The ECF Cost Calculator: Praise from Educators and Researchers

Everyone agrees that good teachers are important to learning; but when you see the dollar amounts brought to light by the Education Consumers Foundation’s online calculator, you begin to appreciate their true economic worth.

There are differences of thousands per student and millions per school in the tax burden created by effective and ineffective teachers in the early elementary grades.  Third grade reading skills predict dropouts and minimally qualified graduates, and the calculator projects the lifetime cost of those academic deficiencies to local, state, and federal taxpayers.

Bottom line:  Considering that teachers have 20-30 year careers, excellent teachers may literally be worth their weight in gold.

William L. Brown, Ph.D.
Former Coordinator of Test Development
Michigan Educational Assessment Program


Voters seldom pay attention to school board elections, but the Education Consumers Foundation’s online calculator may cause them to reconsider.  It retrieves a school or district’s reading scores and forecasts the federal, state, and local tax burden created by its dropouts and marginally prepared graduates.

Even a single low performing school can have a significant impact.  A dropout, for example, absorbs around $90,000 over a lifetime in added public assistance for health care, public safety, and welfare.

School budgets and tax rates are often prime issues in board elections, but the calculator shows that this emphasis may be misplaced.  The quality of a school’s learning outcomes and the hidden tax that they create may be of far greater economic importance.

J. Martin Rochester, Ph.D.
Curator’s Distinguished Teaching Professor
Department of Political Science
University of Missouri-St. Louis


Everyone has seen the reports on the increased earnings that come from getting an education.  The Education Consumers Foundation’s online calculator looks at the other side of the coin–the cost of educational failure.

All I can say is that I am not surprised.  The “dropout factories” cost megabucks, but even the good schools produce a steady drip of adults who won’t be able to make it on their own.  Virtually all end up receiving some kind of public assistance.  The applicants for disability benefits whom I see are overwhelmingly the products of failed schooling.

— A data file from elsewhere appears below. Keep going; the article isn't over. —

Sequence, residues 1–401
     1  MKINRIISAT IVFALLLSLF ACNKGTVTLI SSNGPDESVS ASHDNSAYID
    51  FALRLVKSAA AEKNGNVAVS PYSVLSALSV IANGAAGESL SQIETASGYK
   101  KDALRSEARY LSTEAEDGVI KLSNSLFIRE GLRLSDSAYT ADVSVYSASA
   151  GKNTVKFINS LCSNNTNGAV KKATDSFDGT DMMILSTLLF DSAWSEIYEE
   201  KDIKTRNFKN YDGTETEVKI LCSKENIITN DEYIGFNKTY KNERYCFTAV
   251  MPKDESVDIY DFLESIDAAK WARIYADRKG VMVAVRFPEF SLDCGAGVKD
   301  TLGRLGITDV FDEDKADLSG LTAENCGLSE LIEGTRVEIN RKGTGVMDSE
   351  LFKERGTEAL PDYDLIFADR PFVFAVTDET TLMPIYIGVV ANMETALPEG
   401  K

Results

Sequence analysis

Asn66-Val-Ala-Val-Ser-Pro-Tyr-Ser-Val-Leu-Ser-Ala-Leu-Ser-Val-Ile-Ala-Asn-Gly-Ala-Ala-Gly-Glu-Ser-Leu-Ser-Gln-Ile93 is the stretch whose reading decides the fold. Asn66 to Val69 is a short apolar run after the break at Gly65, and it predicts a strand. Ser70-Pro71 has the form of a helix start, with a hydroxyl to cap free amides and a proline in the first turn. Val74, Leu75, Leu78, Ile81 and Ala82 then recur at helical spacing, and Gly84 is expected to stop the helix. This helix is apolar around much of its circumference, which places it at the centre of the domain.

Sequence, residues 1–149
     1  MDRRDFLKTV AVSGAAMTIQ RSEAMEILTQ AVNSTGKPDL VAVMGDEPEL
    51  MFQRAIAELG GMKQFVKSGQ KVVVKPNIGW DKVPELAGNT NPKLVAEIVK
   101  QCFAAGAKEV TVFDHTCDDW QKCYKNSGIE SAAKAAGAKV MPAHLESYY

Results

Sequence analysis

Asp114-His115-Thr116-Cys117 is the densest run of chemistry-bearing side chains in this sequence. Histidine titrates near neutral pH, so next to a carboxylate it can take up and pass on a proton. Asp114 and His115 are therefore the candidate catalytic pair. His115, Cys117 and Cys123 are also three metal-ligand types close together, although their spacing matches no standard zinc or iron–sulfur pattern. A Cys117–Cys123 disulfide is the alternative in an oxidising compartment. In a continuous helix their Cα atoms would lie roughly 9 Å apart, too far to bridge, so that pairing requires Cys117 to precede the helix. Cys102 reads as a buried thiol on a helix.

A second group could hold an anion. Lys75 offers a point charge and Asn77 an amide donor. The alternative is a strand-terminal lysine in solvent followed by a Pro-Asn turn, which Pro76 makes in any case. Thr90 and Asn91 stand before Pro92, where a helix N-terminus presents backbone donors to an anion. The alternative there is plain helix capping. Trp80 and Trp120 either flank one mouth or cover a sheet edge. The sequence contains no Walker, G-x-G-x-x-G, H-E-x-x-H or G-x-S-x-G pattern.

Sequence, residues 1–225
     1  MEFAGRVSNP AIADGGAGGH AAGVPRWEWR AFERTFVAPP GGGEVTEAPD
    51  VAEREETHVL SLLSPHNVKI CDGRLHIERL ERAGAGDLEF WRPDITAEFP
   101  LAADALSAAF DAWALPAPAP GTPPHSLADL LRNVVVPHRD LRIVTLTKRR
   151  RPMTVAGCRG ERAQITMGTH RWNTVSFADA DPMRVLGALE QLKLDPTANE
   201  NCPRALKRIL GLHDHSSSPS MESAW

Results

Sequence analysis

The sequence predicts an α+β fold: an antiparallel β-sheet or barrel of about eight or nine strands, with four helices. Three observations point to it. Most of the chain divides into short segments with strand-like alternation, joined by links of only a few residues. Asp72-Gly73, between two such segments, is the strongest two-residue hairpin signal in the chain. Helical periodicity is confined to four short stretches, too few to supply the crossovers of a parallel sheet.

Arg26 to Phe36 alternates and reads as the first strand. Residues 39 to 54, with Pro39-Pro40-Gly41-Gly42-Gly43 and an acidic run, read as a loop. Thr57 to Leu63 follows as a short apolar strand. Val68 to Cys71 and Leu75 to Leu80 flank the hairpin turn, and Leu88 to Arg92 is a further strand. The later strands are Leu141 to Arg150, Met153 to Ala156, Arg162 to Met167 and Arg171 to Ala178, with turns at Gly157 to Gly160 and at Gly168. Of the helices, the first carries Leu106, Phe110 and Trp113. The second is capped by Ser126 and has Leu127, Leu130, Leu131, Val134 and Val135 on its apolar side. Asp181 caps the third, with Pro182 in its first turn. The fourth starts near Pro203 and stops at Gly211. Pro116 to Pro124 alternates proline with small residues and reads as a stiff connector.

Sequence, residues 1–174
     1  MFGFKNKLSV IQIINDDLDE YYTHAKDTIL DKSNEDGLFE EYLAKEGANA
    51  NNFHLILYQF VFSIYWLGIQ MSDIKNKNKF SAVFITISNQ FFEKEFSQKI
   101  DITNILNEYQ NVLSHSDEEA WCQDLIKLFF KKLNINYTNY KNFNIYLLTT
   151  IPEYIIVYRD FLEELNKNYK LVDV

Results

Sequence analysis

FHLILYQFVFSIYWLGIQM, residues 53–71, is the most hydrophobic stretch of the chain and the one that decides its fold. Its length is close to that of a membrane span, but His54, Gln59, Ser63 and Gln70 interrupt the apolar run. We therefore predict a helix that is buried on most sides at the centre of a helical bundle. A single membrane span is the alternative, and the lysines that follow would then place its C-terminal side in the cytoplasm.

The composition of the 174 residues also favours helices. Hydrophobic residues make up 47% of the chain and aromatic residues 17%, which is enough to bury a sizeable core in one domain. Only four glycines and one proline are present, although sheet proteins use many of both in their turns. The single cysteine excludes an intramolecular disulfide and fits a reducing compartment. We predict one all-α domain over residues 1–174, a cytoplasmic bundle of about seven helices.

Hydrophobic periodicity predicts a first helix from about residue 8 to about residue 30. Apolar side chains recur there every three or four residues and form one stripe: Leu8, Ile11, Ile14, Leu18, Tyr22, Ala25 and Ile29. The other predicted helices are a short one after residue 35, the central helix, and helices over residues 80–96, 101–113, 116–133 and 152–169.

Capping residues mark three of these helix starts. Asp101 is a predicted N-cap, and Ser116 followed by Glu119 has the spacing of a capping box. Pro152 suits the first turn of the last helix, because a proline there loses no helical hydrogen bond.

Local and state officials–especially school board members–should give these numbers careful consideration.  Student who finish their school years unprepared for college or productive employment are well on their way to becoming an unhappy and expensive statistic.

Robert S. Spangler EdD
Licensed Psychologist
Diplomate ABVE and ABDA


So long as our own children are doing well, most of us think only in passing about educational failure and school dropout rates.  Now we can see why every parent–every taxpayer–should not only dwell on it, but fixate on it and urge their school board to do something about it.

The loss of talent and potential is frightening–especially when one considers that there is a new cohort every year.

The ECF calculator brings the number and hidden cost of dropouts and academically unqualified graduates into high relief.

Dr. Mark Y. Herring
Dean of Libraries
Winthrop University


Because there is a connection between early reading proficiency and later education outcomes, it is possible for this online program to estimate the lifetime amounts of public assistance that will be consumed by a school’s failing students.

And it does so with speed, simplicity, and ease of use.

I recommend it to anyone interested in the economic implications of local school performance.

George K. Cunningham, Ph.D.
Assessment In The Classroom: Constructing And Interpreting Tests